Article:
Democracies used to be few in number, and most were located in the northwestern quarter of the world. Over the last two decades, however, many countries have rid themselves of authoritarian regimes. There are many variations among these countries. Some of them have reverted to new brands of authoritarianism (even if from time to time they hold elections), while others have clearly embraced democracy. Still others seem to inhabit a gray area; they bear a family resemblance to the old established democracies, but either lack or only precariously possess some of their key attributes. The bulk of the contemporary scholarly literature tells us that these “incomplete” democracies are failing to become consolidated, or institutionalized.
This poses two tasks. One is to establish a cutoff point that separates all democracies from all nondemocracies. This point’s location depends on the questions we ask, and so is always arbitrary. Many definitions of democracy have been offered. 1 The one that I find particularly useful is Robert Dahl’s concept of “polyarchy.” Once a reasonably well-delimited set of democracies is obtained, the second task is to examine the criteria that a given stream of the literature uses for comparing cases within this set. If the criteria are found wanting, the next step is to propose alternative concepts for these comparisons. This is what I attempt here, albeit in preliminary and schematic fashion.
Contemporary Latin America is my empirical referent, although my discussion probably also applies to various newly democratized countries [End Page 34] in other parts of the world. The main argument is that, contrary to what most of current scholarship holds, the problem with many new polyarchies is not that they lack institutionalization. Rather, the way in which political scientists usually conceptualize some institutions prevents us from recognizing that these polyarchies actually have two extremely important institutions. One is highly formalized, but intermittent: elections. The other is informal, permanent, and pervasive: particularism (or clientelism, broadly defined). An important fact is that, in contrast to previous periods of authoritarian rule, particularism now exists in uneasy tension with the formal rules and institutions of what I call the “full institutional package” of polyarchy. These arguments open up a series of issues that in future publications I will analyze with the detail and nuance they deserve. My purpose at present is to furnish some elements of what I believe are needed revisions in the conceptual and comparative agenda for the study of all existing polyarchies, especially those that are informally institutionalized. 2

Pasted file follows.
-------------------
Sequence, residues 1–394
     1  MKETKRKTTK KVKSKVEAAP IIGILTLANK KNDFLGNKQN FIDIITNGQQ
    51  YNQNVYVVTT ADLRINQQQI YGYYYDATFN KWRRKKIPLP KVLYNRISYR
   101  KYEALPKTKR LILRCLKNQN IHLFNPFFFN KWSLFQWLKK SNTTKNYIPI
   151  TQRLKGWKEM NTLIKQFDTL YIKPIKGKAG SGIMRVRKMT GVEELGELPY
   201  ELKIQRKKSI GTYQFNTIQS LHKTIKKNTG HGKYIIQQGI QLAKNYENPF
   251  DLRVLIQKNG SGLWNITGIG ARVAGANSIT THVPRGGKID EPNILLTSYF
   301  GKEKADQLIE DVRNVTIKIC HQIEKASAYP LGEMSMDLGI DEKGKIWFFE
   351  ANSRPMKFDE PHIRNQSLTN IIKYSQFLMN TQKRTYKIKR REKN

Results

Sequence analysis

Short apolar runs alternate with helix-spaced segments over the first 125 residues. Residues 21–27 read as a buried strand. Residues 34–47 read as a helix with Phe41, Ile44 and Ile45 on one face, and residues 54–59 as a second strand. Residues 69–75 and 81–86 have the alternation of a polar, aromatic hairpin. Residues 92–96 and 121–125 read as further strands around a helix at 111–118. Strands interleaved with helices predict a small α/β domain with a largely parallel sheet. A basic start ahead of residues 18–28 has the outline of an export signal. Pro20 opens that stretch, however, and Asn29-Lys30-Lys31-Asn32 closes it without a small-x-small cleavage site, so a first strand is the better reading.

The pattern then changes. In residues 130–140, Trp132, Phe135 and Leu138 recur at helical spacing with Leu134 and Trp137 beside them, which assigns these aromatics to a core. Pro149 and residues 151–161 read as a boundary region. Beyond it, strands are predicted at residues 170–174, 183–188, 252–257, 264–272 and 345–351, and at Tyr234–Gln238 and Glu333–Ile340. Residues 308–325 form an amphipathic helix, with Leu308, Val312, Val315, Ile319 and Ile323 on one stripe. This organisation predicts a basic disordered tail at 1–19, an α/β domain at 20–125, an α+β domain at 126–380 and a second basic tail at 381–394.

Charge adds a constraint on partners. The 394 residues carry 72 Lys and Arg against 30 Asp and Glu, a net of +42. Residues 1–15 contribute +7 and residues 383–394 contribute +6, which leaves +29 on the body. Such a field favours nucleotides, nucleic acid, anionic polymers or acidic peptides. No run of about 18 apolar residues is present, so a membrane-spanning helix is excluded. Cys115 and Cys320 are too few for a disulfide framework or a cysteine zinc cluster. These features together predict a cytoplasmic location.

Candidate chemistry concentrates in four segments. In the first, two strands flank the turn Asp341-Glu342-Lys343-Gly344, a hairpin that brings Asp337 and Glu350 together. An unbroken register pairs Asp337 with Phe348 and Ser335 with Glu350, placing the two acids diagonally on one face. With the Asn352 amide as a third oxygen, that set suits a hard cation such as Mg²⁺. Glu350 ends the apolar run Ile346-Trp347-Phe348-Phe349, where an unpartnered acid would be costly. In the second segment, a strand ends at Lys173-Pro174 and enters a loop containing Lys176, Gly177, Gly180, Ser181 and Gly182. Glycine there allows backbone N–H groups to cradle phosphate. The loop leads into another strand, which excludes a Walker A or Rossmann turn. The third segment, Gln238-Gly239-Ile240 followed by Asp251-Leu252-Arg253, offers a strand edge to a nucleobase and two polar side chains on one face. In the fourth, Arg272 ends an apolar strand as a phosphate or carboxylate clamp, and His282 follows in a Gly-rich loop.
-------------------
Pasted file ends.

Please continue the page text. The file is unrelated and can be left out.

Polyarchy, as defined by Dahl, has seven attributes: 1) elected officials; 2) free and fair elections; 3) inclusive suffrage; 4) the right to run for office; 5) freedom of expression; 6) alternative information; and 7) associational autonomy. 3 Attributes 1 to 4 tell us that a basic aspect of polyarchy is that elections are inclusive, fair, and competitive. Attributes 5 to 7 refer to political and social freedoms that are minimally necessary not only during but also between elections as a condition for elections to be fair and competitive. According to these criteria, some countries of Latin America currently are not polyarchies: the Dominican Republic, Haiti, and Mexico have recently held elections, but these were marred by serious irregularities before, during, and after the voting.
Other attributes need to be added to Dahl’s list. One is that elected (and some appointed) officials should not be arbitrarily terminated before the end of their constitutionally mandated terms (Peru’s Alberto Fujimori and Russia’s Boris Yeltsin may have been elected in fair elections, but they abolished polyarchy when they forcefully closed their countries’ congresses and fired their supreme courts). A second addition is that the elected authorities should not be subject to severe constraints, vetoes, or exclusion from certain policy domains by other, nonelected actors, especially the armed forces. 4 In this sense, Guatemala and Paraguay, as well as probably El Salvador and Honduras, do not qualify as polyarchies. 5 Chile is an odd case, where restrictions of this sort are part of a constitution inherited from the authoritarian regime. But Chile clearly meets Dahl’s seven criteria of polyarchy. Peru is another doubtful case, since the 1995 presidential...